Serbian and U.S. armies sign agreement

The Acquisition and Cross-Servicing Agreement regulates the exchange of products and services and military cooperation.

The agreement was signed in Belgrade by U.S. Army European Command deputy director General William Ward and Serbian defense minister Zoran Stanković. The agreement is seen as another step toward improved cooperation between the two countries.

General Ward said he looked forward to Serbia’s future role in maintaining the stability and security in the region.

“I look forward to Serbia’s role as a partner state to take part in peacekeeping and stability efforts around the world”, General Ward said.

Zoran Stanković said the agreement represented a significant improvement of the U.S. – Serbian diplomatic relations.

“From the bilateral military cooperation point of view this agreement increases our ability of joint deployment, and the exchange of logistical support in joint exercises or peacekeeping operations”, Stanković explained.

The defense minister also said he hoped for a Partnership for Peace invitation from the forthcoming NATO summit in Riga.

“This will depend on the level to which Serbia has fulfilled its international obligations and met the political criteria”, Stanković said.

U.S. Ambassador to Serbia Michael Polt said the agreement constitutes for the latest achievement in the process of developing relations between the two countries.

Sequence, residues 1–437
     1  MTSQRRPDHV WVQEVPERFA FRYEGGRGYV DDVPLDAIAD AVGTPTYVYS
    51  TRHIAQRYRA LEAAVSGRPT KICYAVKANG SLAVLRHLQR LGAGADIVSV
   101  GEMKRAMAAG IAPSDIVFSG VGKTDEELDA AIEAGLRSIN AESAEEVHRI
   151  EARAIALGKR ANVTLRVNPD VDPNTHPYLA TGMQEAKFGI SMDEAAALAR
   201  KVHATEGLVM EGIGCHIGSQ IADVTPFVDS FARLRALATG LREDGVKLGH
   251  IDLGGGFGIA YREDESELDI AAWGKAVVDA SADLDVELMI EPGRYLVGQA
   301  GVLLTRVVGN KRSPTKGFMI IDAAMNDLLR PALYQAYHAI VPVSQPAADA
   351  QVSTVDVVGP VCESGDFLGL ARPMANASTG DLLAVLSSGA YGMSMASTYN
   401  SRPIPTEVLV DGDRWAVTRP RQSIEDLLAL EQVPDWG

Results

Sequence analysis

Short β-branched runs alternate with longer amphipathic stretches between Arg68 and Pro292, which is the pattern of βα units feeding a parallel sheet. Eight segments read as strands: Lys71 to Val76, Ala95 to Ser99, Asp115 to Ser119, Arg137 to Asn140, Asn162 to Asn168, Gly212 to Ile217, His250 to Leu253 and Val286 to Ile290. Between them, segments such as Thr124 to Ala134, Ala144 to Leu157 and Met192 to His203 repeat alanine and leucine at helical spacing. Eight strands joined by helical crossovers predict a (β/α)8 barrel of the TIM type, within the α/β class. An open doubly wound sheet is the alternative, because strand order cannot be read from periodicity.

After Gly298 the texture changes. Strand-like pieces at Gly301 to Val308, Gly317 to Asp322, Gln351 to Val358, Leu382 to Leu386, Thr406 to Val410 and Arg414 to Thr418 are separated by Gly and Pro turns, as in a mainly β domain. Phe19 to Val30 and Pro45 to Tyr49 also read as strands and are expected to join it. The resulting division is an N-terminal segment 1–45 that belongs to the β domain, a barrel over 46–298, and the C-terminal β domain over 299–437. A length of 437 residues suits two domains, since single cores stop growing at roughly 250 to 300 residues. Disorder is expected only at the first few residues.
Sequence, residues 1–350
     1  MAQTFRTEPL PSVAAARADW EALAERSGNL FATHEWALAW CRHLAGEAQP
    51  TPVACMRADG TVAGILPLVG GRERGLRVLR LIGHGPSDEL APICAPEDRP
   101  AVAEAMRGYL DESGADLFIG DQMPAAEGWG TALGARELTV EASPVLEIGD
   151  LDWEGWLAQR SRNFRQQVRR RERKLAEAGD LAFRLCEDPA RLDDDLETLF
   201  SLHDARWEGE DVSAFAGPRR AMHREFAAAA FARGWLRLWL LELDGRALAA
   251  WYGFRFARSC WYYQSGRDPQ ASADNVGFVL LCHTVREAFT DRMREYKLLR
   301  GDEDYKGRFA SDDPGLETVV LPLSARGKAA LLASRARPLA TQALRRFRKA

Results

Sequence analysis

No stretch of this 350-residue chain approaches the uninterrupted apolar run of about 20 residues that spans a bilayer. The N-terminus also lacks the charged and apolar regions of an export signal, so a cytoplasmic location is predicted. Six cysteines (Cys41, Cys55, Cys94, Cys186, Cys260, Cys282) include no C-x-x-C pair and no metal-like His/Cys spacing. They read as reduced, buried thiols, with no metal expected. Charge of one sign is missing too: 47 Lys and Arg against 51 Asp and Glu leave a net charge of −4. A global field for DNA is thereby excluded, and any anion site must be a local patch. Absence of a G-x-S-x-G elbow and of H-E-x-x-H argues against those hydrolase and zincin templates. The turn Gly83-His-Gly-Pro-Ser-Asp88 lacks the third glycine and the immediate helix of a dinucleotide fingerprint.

“I hear Minister Stanković’s message that Serbia wishes to join Partnership for Peace loud and clear. This is in the interest of all NATO member states. Apart from one political action and decision, Serbia is ready to join Partnership for Peace”, Ambassador Polt said.

The ACSA agreement is the third significant military agreement signed with the United States in 2006.

Military analyst Zoran Dragišić says the agreements have contributed to a softening of NATO’s policy toward Serbia, which could result in Belgrade being invited to join the PfP even before Mladić’s arrest and extradition.

“That said, I don’t expect Serbia to get the invitation from Riga. I think the U.S. at this point has a very positive attitude toward Serbia, but NATO decisions are reached through a consensus. I’m sure there are countries that will not be overly interested in seeing Serbia join PfP before it fulfils its Hague obligations”, Dragišić says.

NATO HQ representatives say the Alliance’s policy toward Serbia remains unchanged, i.e., that full Hague cooperation remains the condition for joining Partnership for Peace. However, VOA reports that its sources have confirmed consultations now underway ahead of the Riga summit might lead to new decisions and a change of policy.
Source: B92

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